by Claire Dahan –

On Monday evening, during the observation of Yom Hashoah, a major incident occurred in our community. As you know, this day is an important time for remembrance, paying tribute to the victims and giving voice to the last survivors. Since physical gatherings are impossible during this period of confinement, yet it remains important for us to maintain our duty of remembering the Holocaust, activists from our community, including Gabriel Abensour, organized a virtual gathering via the Zoom platform on Monday evening.


However, that evening, technology showed us its limitations, and reminded us that we must be extremely vigilant when we allow it to enter our homes. In the midst of the testimonial of Miriam Gross, a crucial one on her experience as a survivor, the virtual conference fell victim to attack by hackers. Child pornography, revealing horrific acts of violence, suddenly appeared on our screens. These were violent, raw, and shocking images, prohibited and condemnable by law.


A complaint has been filed and the case is ongoing, but the participants in this Zoom meeting, as well as the many viewers who watched the live transmission on social networks remain shocked. You can easily imagine the psychological repercussions that such images can have on the interviewee, participants, remote spectators, and organizers of the event, even seen through a screen. It must also be pointed out that among the people who saw these images were children and adolescents! A psychological response unit was established immediately by the organizer of the event, but these images create strong psychological trauma. They arrived by surprise, in a totally inappropriate context, just as an attack on the street would occur.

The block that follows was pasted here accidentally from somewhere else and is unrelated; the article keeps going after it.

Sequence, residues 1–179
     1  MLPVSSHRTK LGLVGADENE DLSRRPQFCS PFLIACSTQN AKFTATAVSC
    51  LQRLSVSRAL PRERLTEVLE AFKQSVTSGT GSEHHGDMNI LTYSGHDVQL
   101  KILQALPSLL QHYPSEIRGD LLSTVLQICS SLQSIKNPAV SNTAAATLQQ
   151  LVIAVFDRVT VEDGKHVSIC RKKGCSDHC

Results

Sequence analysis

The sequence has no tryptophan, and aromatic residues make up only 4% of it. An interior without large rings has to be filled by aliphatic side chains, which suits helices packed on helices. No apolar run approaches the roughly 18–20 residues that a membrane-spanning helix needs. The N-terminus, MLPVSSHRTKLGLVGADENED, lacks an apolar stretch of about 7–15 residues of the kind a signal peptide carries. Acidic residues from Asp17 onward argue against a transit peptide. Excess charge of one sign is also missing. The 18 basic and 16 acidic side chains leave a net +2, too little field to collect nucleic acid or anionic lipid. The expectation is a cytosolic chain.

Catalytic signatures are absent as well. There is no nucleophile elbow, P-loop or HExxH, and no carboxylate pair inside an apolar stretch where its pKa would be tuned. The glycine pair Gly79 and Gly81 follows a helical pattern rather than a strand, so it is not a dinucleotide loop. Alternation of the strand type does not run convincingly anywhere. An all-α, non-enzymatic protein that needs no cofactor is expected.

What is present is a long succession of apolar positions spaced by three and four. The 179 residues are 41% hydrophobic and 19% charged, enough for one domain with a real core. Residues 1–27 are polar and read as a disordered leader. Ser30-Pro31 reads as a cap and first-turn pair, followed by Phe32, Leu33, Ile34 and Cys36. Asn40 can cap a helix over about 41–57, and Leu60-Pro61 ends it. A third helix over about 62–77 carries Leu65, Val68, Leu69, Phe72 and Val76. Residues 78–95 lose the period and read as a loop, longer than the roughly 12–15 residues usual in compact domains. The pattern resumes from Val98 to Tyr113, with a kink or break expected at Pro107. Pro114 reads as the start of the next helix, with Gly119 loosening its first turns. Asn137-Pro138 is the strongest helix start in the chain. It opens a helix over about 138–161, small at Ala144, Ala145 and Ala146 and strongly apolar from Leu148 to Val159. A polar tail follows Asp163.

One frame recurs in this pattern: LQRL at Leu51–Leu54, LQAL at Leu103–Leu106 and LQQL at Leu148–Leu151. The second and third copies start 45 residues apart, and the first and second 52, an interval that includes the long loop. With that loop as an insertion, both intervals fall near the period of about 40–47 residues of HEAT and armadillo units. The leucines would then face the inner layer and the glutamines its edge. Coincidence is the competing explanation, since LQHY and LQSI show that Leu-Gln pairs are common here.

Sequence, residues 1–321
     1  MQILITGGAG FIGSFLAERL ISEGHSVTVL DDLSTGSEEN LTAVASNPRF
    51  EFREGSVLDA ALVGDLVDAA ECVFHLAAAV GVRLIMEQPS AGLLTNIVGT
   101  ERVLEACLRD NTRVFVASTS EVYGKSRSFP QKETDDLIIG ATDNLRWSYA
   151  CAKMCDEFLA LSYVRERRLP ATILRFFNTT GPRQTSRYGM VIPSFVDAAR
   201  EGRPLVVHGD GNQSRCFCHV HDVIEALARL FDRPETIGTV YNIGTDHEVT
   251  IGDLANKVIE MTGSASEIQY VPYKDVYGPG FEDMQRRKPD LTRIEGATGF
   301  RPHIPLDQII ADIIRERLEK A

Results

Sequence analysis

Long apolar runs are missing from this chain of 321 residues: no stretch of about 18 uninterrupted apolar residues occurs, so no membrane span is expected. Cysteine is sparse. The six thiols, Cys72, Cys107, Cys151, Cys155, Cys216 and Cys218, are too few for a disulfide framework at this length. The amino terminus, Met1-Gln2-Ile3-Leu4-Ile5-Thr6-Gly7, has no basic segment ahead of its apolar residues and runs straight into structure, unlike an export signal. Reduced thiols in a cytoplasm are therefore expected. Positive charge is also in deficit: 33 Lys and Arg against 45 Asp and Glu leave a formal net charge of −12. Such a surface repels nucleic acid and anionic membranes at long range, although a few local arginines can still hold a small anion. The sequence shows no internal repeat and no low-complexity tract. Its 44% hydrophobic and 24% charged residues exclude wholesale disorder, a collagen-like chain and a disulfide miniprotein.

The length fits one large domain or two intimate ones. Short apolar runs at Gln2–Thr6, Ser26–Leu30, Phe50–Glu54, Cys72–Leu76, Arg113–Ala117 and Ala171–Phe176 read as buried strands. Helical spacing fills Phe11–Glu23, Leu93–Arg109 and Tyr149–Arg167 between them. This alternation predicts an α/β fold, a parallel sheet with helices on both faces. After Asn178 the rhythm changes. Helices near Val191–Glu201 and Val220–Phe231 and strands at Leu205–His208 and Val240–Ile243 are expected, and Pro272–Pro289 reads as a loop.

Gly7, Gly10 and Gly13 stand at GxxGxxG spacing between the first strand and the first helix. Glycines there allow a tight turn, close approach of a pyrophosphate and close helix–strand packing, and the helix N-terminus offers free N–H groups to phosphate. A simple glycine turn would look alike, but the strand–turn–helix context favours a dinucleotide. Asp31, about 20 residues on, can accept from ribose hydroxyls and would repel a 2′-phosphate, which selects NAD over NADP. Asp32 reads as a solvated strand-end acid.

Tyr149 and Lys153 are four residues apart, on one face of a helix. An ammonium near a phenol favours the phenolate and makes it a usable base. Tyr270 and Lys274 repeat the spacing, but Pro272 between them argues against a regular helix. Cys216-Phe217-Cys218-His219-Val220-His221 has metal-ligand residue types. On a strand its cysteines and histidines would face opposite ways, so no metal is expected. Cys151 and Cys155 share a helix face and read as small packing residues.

And trauma always causes psychological damage. Firstly, as is the case with mental trauma, the attack was so unexpected, so shocking that we were prevented from reacting quickly and turning off the Zoom meeting or even simply our screens. Flabbergasted and shocked, we were paralyzed for a few seconds, seconds that seemed endless, without anything being done. There was disgust, at seeing violent images of a sexual nature occurring to children, making us want to vomit. Anger, at seeing the event soiled and degraded by the pornographic nature of the images. Sadness, at feeling defiled during an event that marks our deep Jewish identities. Guilt, over having attended the event with our children, feeling that we had taken them to the wrong place at the wrong time. Helplessness, for having been unable to prevent it from happening. And a sense of having been exposed while we had felt safe in our living rooms with our families.


So, what do we do? Do we stop observing important dates? Do we no longer enjoy the benefits of technology, technology that has made the current confinement a little less burdensome?


Whereas barely a month ago, Zoom was a tool reserved for professionals, with mass confinement the tool has become so popular that even our children have easy access to it. The platform allows people to come together remotely, and it is a good thing for us to maintain connections during this time. Yet, what happened last Monday forces us to think about the use of these tools and consider the risks we are exposed to through them. Several matters stand out to me.